Unless one of your cats has a medical condition that requires a special diet, I see no problem with giving them a little bit of tuna fish now and then.
Tuna has taken a bit of a bad rap in the world of cats. For a while, some people believed that tuna was linked to urinary crystals because of its high magnesium and phosphorus content. As well, tuna may contain high levels of mercury, which is bad for both cats and humans.
In fact, recent studies have shown that excessive levels of magnesium and phosphorus in the diet are not likely to cause urinary crystals. The real culprit is an abnormally low level of acidity in the urine (click here for more information about urinary crystals in cats). And if tuna is used sparingly as a treat then the risk of mercury poisoning is extremely low.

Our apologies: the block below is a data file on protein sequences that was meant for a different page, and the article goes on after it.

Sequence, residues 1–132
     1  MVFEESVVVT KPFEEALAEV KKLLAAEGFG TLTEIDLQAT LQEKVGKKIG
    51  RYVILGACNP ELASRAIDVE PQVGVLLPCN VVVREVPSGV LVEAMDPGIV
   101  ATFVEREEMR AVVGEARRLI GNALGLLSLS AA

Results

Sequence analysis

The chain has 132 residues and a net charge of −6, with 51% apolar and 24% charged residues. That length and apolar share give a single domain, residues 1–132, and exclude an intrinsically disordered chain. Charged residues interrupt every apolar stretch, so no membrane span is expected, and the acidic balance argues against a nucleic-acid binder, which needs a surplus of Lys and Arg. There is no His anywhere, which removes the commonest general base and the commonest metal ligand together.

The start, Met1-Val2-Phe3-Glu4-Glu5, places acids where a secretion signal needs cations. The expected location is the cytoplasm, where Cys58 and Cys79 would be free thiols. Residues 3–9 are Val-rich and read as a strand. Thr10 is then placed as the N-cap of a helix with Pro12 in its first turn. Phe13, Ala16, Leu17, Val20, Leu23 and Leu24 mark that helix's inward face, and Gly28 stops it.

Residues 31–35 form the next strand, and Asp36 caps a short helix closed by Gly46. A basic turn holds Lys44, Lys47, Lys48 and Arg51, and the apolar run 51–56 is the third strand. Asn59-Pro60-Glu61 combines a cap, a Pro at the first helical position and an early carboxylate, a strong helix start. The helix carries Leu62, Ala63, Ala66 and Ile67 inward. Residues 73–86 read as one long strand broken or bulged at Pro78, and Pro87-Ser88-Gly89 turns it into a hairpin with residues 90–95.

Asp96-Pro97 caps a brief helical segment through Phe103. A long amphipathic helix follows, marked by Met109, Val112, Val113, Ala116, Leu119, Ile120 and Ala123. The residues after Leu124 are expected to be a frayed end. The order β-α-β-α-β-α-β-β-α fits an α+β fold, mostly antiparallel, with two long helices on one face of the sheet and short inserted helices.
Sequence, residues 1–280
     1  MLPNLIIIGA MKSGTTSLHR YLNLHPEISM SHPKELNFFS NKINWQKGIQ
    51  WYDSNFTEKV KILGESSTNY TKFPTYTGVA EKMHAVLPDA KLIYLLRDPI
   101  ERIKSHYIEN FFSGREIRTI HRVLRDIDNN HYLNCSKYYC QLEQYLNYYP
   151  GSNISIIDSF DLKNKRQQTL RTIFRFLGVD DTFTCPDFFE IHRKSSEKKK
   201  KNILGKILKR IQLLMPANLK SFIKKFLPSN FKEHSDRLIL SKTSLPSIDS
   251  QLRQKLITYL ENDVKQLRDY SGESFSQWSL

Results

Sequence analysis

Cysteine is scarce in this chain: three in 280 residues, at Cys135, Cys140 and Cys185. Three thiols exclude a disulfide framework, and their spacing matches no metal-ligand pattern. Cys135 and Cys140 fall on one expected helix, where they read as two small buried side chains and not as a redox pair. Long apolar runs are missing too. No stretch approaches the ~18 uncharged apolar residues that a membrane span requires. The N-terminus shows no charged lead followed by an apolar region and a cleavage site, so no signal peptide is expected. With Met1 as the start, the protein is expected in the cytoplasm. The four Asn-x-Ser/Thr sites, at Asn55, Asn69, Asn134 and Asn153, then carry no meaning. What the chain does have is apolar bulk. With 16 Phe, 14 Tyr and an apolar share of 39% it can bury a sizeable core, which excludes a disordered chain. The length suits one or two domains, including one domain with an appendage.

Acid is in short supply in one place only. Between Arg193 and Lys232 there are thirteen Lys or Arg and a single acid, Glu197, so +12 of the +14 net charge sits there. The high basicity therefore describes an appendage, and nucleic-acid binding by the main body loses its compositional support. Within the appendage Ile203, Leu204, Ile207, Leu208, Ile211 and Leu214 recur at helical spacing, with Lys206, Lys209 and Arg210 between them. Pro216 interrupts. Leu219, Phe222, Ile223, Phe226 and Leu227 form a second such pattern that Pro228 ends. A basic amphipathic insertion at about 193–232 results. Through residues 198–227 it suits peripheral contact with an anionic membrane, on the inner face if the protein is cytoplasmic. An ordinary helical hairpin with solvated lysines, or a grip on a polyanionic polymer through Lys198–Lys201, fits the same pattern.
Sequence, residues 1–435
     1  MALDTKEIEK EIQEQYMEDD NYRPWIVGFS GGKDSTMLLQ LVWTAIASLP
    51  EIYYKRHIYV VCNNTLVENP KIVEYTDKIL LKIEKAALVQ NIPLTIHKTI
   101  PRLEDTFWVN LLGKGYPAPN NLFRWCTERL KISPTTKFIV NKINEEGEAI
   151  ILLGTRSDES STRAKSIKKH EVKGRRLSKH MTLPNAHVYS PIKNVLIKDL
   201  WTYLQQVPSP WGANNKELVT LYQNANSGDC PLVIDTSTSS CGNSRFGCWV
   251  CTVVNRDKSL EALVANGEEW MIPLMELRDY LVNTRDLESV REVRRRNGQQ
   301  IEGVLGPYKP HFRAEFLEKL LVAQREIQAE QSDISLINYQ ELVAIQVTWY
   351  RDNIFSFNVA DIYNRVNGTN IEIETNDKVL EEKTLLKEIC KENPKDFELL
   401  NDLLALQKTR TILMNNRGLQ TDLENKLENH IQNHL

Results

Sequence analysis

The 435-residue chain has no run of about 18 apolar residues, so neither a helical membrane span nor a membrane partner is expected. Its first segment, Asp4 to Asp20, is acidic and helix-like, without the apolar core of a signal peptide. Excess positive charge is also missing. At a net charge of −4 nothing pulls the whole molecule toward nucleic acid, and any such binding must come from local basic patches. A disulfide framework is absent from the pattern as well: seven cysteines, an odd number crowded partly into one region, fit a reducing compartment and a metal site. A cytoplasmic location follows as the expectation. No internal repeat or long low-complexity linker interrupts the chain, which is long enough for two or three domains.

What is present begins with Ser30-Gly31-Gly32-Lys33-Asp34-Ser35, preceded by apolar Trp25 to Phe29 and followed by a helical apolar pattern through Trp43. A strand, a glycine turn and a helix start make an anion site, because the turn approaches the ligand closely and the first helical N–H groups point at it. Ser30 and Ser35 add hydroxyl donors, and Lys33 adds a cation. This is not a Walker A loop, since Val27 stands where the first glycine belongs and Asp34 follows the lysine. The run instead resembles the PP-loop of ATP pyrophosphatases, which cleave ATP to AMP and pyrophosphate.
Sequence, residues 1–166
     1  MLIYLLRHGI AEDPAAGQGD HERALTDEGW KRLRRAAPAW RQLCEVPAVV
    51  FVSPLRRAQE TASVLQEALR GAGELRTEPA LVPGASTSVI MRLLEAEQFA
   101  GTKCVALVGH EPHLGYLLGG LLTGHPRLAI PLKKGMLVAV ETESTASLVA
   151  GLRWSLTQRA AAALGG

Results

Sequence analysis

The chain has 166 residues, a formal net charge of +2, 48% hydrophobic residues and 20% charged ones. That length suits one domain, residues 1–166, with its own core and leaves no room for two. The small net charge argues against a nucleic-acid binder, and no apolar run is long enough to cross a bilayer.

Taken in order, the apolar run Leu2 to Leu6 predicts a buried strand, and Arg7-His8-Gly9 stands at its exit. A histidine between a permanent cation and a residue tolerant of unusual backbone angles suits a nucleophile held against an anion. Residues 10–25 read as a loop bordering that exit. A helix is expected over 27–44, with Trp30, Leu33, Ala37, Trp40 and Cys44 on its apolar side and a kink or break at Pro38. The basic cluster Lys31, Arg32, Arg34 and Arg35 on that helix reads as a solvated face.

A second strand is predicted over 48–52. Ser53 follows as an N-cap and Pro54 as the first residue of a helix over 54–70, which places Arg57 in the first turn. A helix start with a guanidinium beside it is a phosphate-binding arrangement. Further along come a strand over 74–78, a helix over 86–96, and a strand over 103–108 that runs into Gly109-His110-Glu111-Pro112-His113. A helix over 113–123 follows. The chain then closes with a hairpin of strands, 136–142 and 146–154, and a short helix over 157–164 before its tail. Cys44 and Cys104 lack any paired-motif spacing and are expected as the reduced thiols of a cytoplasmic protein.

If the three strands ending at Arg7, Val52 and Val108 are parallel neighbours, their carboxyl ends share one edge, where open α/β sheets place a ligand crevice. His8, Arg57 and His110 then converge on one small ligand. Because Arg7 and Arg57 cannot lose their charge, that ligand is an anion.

Cats absolutely cannot survive on an exclusive diet of tuna. However, if tuna comprises only a small portion of their food intake, it is unlikely to cause problems. Thats a good thing. The cats I know would consider me very cruel indeed if I were to open a can of tuna and not give them any.